A Complete Guide to the Lakes: Comprising Minute Directions for the Tourist : with Mr. Wordsworth's Description of the Scenery of the Country, Etc. : and Three Letters Upon the Geology of the Lake District, by the Rev. Professor Sedgwick
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Abbey Ambleside ancient appearance ascending banks beauty beds Borrowdale Bowness Bridge called Castle Chapel Church colour Coniston contains course Crag cross deep Derwent Water descend described direct distance elevation Excursion feet Fell fields foot forms four Furness give granite Grasmere green half Head height High higher hills interest island Kendal Keswick lake land Langdale leads leaves less light limestone looking lower masses miles mountains native nature nearly noticed object observed once pass Penrith period Pike plain present produced remains rest rising river road rocks round sandstone Scale scene seen side situated Skiddaw slate sometimes stands stone stream striking structure summit surface Tarn thence tourist town traveller trees turn upper vale valley walk wall Water whole winds woods
Page 10 - Of mountain torrents ; or the visible scene Would enter unawares into his mind With all its solemn imagery, its rocks, Its woods, and that uncertain heaven, received Into the bosom of the steady lake.
Page 94 - There is a Yew-tree, pride of Lorton Vale, Which to this day stands single, in the midst Of its own darkness, as it stood of yore : Not loth to furnish weapons for the bands Of Umfraville or Percy ere they marched To Scotland's heaths ; or those that crossed the sea And drew their sounding bows at Azincour, Perhaps at earlier Crecy, or Poictiers. Of vast circumference and gloom profound This solitary Tree ! a living thing Produced too slowly ever to decay ; Of form and aspect too magnificent To be...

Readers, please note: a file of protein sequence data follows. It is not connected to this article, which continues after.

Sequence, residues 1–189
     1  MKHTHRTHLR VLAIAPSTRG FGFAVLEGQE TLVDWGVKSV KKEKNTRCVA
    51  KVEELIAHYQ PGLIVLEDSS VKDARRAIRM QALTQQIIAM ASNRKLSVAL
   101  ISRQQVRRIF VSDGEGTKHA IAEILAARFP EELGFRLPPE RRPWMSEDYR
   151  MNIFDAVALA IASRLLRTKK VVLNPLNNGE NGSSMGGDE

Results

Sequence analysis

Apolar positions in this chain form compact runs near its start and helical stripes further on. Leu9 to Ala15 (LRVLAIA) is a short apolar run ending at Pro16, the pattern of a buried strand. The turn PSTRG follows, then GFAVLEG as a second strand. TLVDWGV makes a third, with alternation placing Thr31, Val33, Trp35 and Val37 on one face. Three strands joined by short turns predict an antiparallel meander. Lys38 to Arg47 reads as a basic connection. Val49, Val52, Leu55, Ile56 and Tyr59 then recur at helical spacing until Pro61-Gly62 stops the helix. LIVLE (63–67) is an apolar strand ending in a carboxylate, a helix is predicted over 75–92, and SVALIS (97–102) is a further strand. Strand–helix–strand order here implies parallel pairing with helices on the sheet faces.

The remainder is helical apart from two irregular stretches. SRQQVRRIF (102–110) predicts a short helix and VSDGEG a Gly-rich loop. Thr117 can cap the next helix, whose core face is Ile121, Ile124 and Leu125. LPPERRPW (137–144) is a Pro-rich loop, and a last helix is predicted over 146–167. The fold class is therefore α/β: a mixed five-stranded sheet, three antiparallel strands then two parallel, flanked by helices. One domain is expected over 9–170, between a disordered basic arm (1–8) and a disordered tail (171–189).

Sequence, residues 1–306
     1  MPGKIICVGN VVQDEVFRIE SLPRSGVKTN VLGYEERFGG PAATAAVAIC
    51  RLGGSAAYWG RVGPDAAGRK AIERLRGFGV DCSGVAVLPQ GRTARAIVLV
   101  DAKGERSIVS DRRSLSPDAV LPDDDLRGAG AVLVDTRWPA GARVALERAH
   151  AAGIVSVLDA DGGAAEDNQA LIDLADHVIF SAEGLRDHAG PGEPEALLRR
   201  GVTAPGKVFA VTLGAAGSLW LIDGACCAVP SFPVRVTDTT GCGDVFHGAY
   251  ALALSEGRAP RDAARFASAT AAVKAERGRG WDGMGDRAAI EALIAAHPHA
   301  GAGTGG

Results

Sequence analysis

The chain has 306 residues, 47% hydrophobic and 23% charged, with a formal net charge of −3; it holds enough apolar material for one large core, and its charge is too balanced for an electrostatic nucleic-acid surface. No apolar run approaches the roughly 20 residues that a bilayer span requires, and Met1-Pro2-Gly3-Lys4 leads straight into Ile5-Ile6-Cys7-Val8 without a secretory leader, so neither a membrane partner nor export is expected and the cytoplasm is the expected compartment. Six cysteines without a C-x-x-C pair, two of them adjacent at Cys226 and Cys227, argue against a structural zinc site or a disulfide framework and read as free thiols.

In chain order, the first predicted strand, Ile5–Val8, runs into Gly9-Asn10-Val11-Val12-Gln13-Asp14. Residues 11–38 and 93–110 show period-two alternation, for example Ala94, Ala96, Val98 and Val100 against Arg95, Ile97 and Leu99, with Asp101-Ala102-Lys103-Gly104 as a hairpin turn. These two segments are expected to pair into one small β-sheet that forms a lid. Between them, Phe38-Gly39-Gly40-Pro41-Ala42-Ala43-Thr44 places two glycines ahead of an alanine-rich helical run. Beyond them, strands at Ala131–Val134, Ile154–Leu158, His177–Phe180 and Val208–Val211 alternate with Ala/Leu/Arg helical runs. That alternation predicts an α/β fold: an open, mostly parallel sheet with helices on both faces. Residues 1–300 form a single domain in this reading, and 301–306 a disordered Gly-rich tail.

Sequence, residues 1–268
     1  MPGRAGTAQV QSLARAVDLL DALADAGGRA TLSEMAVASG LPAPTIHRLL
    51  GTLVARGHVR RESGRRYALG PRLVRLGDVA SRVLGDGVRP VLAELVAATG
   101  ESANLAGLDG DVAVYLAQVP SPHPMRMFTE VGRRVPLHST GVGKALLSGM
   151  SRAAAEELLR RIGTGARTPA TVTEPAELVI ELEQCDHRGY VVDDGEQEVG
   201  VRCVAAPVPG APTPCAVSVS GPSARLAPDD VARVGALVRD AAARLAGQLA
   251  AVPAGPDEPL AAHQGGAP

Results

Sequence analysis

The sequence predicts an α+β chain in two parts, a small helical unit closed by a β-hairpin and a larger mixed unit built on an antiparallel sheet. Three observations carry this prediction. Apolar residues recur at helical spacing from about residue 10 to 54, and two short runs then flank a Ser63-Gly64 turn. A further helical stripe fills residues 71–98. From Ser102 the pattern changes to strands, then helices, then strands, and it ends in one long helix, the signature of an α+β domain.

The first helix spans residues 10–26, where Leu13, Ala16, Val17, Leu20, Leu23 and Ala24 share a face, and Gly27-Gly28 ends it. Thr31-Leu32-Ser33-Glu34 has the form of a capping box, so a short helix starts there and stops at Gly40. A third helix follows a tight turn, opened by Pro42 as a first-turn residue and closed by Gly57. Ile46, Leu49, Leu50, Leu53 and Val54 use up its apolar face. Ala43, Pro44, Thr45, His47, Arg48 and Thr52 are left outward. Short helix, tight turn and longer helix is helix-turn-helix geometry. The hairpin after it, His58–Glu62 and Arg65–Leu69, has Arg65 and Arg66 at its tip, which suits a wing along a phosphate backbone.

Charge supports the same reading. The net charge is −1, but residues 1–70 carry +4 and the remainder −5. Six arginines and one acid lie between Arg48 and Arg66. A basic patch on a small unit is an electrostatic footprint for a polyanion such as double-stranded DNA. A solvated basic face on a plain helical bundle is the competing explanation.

Page 66 - ... unworthy Lord Whom mere despite of heart could so far please, And love of havoc, (for with such disease Fame taxes him,} that he could send forth word To level with the dust a noble horde, A brotherhood of venerable Trees, Leaving an ancient dome, and towers like these, Beggared and outraged!
Page 73 - And gleaming and streaming and steaming and beaming, And rushing and flushing and brushing and gushing, And flapping and rapping and clapping and slapping, And curling and whirling and purling and twirling, Retreating and meeting and beating and sheeting, Delaying and straying and playing and spraying, Advancing and prancing and glancing and dancing.
Page 72 - Eddying and whisking, Spouting and frisking, Turning and twisting, Around and around With endless rebound: Smiting and fighting, A sight to delight in; Confounding, astounding, Dizzying and deafening the ear with its sound.
Page 122 - There sometimes doth a leaping fish Send through the tarn a lonely cheer; The crags repeat the raven's croak, In symphony austere...
Page 79 - Fear and trembling Hope, Silence and Foresight ; Death the Skeleton, And Time the Shadow ; there to celebrate, As in a natural temple scattered o'er With altars undisturbed of mossy stone, United worship ; or in mute repose To lie, and listen to the mountain flood Murmuring from Glaramara's inmost caves.
Page 49 - Beneath our feet, a little lowly vale, A lowly vale, and yet uplifted high Among the mountains ; even as if the spot Had been from eldest time by wish of theirs So placed, to be shut out from all the world!
Page 73 - And falling and brawling and sprawling, And driving and riving and striving, And sprinkling and twinkling and wrinkling, And sounding...
Page 39 - ... remind the contemplative spectator of a production of Nature, and may (using a strong expression) rather be said to have grown than to have been erected; — to have risen, by an instinct of their own, out of the native rock — so little is there in them of formality, such is their wildness and beauty..